• ENGLISH = en-US
  • GERMAN = de-DE
  • SPANISH = es-ES
  • FRENCH = fr-FR
  • ITALIAN = it-IT
  • RUSSIAN = ru-RU
  • SWEDISH = sv-SE
  • TURKISH = tr-TR
  • HINDI = hi-IN
  • JAPANESE = ja-JP
  • KOREAN = ko-KR
  • POLISH = pl-PK
  • DUTCH = nl-NL
  • CHINESE = zh

In the above example where we ask 'Would you like a hot or cold drink?', we can specify the language of the text parameter by using the enum value 'fr-FR' as the third parameter, provide the text message in French, then the device will speak that French phase.

// 'Would you like a hot or cold drink?'
await workflow.say(interaction_uri, `Envie d'une boisson chaude ou froide?`, 'fr-FR')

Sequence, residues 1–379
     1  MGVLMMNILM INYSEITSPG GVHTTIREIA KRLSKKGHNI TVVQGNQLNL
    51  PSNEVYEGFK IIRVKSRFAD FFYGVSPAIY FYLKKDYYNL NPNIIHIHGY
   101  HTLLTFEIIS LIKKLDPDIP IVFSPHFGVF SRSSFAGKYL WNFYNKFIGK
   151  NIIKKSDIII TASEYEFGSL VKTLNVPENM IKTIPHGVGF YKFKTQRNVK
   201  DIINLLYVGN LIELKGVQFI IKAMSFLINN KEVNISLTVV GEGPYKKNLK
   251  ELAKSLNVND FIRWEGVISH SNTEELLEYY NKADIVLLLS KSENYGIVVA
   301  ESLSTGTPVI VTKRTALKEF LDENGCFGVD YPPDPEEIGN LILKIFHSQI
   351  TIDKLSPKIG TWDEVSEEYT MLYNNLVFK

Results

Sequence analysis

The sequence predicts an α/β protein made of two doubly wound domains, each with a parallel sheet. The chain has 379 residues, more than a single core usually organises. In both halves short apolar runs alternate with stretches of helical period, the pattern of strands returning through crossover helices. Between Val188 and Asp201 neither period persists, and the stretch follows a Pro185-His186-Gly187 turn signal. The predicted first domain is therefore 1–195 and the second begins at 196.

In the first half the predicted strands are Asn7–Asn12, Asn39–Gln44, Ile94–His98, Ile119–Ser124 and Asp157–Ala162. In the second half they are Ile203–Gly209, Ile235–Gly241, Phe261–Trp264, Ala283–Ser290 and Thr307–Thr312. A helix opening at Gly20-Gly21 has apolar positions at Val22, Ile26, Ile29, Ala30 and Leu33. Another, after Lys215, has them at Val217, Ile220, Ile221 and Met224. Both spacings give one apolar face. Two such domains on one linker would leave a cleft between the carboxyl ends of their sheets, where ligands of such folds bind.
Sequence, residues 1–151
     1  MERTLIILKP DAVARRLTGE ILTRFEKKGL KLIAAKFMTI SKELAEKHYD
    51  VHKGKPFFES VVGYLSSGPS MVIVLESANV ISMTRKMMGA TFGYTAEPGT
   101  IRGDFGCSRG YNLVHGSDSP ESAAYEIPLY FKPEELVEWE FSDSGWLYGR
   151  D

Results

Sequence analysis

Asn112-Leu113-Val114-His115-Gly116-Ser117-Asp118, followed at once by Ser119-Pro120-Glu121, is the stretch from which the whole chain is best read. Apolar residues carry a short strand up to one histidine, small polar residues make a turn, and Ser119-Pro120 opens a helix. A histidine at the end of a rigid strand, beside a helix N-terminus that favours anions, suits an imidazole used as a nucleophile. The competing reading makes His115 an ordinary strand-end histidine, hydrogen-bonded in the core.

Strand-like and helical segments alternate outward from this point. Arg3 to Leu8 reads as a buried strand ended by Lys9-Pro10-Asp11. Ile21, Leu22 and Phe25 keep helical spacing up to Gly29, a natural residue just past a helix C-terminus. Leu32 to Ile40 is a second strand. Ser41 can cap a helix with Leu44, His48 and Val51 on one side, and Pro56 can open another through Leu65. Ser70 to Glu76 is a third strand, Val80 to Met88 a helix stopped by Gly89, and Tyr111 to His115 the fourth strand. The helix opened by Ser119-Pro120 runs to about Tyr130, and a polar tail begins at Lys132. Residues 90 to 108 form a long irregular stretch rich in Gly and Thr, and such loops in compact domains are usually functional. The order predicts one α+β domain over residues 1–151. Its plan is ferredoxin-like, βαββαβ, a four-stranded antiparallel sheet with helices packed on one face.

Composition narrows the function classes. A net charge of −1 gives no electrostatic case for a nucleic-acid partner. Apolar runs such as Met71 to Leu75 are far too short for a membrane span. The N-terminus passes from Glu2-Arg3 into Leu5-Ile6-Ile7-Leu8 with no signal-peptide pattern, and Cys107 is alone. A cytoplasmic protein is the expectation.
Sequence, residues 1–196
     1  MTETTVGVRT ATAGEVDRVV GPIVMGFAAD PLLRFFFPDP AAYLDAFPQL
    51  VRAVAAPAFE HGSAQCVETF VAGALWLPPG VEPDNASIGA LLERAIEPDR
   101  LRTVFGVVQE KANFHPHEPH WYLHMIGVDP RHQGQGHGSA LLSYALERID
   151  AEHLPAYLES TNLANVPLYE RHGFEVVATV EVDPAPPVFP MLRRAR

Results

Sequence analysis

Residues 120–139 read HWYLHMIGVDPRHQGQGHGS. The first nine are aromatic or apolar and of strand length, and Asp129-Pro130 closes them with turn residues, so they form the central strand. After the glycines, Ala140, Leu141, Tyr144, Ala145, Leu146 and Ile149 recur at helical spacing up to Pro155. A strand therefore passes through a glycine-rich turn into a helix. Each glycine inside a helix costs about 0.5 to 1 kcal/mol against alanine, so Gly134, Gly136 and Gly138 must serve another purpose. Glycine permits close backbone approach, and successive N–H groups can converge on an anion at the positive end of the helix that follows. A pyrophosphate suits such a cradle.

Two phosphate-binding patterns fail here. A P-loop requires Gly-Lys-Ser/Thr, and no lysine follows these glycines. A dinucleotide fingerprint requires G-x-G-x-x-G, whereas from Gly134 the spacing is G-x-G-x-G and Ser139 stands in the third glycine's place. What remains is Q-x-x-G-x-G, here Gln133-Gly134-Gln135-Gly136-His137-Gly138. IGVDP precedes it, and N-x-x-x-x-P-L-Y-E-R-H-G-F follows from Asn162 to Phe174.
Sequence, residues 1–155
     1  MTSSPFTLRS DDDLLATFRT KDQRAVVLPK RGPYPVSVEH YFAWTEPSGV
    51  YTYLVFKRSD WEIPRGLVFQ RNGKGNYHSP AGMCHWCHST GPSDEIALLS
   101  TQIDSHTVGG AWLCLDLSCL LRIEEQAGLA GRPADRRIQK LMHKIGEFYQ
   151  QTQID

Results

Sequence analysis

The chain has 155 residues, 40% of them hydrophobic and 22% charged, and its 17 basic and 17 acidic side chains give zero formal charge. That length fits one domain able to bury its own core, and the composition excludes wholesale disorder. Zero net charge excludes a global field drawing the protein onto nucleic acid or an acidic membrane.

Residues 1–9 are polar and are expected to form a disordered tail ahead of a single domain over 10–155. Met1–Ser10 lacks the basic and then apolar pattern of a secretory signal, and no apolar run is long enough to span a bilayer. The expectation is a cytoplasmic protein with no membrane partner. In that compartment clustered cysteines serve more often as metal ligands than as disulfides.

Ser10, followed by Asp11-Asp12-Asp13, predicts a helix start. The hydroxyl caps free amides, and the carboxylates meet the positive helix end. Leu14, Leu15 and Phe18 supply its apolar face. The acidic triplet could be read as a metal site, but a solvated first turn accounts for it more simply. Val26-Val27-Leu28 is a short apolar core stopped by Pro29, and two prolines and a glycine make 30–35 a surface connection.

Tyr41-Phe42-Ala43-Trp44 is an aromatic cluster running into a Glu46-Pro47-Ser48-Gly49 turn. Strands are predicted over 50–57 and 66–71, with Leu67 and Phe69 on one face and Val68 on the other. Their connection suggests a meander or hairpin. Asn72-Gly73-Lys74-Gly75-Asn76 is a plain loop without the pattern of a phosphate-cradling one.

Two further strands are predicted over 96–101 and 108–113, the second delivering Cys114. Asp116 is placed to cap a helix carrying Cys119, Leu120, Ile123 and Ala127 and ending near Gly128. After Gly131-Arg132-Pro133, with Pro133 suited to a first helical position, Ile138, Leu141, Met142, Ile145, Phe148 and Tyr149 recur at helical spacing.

await workflow.say(interaction_uri, "Envie d'une boisson chaude ou froide?", 'fr-FR')
await Relay.Say(this, sourceUri, "Envie d'une boisson chaude ou froide?", "fr-FR");
relay.say(interactionUri, "Envie d'une boisson chaude ou froide?", LanguageType.French);

We can do the same with the sayAndWait() and the listen() functions. When using the value 'fr-FR' language specification parameter in the listen() function, the device listens for a phrase spoken in French, and then attempts to generate a text transcription in French.

const temp = await workflow.listen(interaction_uri, ['chaude','froide'], 'fr-FR')
temp = await workflow.listen(interaction_uri, 'request1', ['chaude', 'froide'], 'fr-FR')
var temp = await Relay.Listen(this, sourceUri, ["chaude", "froide"], "fr-FR");
String temp = relay.listen(interactionUri, "request_1", new String[] {"chaude", "froide"}, LanguageType.French);